The Way We Work


The death last week of my friend Laura Fryer has me thinking about the work we do to make a newspaper. She loved newspapers — not just the news part, but the paper part, too. As production manager for the Philadelphia Business Journal, every week Laura laid out the newspaper’s pages, collating and organizing the sheets of type and the photos and ads and cartoons into crisp pasted-up rectangles. These were photographed; the negatives became the printing plates that, once attached to the drums of the presses, would pick up and lay down ink on newsprint, fed from giant rolls weighing tons.

The way the Swarthmorean is made today is not all that different. We use digital design programs to process text, spec type and make page layouts, but the printing process is pretty much as I remember it from my fifth grade class trip to the Wilmington News-Journal. Maybe you have similarly indelible memories of a newspaper visit.

Here’s how we work: from Thursday afternoon to Wednesday morning, we gather news and photos, write articles, secure advertising and lay out 8 or 12 pages. Between 2 p.m. and 5 p.m. on Wednesday, the paper is printed and baled at Press Publishing in Drexel Hill. Thursday is mailing day: we apply labels, sort by zone and carrier route and take to various post offices. By Friday evening, most of you are holding the Swarthmorean in your hands. It’s an analog process in a digital world, a lot of real work that is essential to the creation of the newspaper that you readers tell us you love.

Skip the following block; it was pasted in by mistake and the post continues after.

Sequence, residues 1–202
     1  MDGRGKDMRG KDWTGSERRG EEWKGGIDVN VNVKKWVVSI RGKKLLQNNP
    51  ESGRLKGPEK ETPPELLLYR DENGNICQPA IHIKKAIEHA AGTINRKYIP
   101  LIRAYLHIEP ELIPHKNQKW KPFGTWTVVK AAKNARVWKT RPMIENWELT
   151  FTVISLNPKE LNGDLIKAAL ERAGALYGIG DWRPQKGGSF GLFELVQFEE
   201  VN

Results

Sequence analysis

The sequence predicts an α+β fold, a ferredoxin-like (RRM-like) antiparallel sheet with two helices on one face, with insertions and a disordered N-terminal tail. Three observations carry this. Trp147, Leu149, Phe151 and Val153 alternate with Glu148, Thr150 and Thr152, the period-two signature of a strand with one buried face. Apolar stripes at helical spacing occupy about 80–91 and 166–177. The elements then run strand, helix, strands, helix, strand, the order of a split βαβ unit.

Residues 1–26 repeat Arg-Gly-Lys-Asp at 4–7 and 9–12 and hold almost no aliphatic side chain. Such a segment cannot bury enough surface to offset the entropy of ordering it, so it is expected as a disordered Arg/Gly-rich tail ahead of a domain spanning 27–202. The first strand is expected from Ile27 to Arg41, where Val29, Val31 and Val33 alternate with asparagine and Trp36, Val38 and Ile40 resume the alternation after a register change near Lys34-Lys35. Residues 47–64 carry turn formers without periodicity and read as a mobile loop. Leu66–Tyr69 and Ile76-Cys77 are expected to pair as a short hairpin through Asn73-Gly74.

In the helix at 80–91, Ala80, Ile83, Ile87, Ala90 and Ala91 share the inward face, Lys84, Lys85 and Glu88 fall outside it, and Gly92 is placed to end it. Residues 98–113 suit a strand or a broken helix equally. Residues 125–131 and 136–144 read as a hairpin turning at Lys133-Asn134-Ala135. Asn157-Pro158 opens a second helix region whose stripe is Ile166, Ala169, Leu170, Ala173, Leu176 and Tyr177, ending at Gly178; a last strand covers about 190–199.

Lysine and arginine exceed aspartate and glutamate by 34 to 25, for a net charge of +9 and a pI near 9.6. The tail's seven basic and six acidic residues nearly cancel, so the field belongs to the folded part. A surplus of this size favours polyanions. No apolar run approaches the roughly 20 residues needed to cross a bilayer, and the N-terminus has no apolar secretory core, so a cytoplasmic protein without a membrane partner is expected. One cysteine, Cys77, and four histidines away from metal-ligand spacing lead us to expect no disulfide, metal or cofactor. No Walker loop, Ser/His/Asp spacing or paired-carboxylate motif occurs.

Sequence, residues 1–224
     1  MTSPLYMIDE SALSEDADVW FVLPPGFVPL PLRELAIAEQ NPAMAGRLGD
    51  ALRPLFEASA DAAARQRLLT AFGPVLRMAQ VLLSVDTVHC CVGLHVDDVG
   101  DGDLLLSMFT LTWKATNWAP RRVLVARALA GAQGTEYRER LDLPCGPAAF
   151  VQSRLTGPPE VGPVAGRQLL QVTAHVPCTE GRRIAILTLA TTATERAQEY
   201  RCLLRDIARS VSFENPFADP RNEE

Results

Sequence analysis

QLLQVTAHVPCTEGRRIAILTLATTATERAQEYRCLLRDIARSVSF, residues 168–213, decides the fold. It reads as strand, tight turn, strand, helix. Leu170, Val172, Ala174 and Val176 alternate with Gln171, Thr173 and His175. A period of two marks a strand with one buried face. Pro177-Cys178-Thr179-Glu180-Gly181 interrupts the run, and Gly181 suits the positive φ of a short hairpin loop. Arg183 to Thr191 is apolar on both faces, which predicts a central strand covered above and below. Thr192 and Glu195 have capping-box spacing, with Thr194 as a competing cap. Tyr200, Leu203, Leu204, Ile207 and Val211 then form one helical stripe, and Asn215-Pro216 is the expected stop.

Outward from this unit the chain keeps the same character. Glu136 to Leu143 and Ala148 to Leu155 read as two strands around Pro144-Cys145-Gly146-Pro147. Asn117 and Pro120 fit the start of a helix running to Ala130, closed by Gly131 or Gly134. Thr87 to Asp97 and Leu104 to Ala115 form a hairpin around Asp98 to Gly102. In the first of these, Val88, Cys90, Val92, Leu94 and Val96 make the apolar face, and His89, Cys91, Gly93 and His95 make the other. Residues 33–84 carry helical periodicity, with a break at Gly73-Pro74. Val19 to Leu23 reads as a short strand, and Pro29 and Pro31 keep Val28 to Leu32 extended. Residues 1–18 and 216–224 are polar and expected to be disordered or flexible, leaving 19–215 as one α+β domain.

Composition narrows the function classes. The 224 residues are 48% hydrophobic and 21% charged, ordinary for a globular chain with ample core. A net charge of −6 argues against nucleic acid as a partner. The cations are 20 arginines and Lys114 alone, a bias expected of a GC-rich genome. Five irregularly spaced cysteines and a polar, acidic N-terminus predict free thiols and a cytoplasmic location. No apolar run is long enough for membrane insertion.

Of course, this year we also became publishers of an online edition of the Swarthmorean. It’s popular with many of our subscribers, and with others we hope will become subscribers. To that end, we will soon be entering a new phase of our online plan. Starting in April, readers will be required to subscribe to the newspaper in order to get full online contents. We are still evaluating paywall options, but it will most likely be as easy as signing in at and verifying your print subscription. If you are not already a print subscriber, you can easily order a subscription through the website.

Down the road, we may offer online-only subscriptions, but for now our core business will continue to involve reporting on your town, putting stories in ink on paper, and getting the paper to your mailbox. There is honest work involved, and satisfaction. But in order to continue in this endeavor, we need your support — as readers, as advertisers, and as paying subscribers. Keep us working for you.

Chris Reynolds

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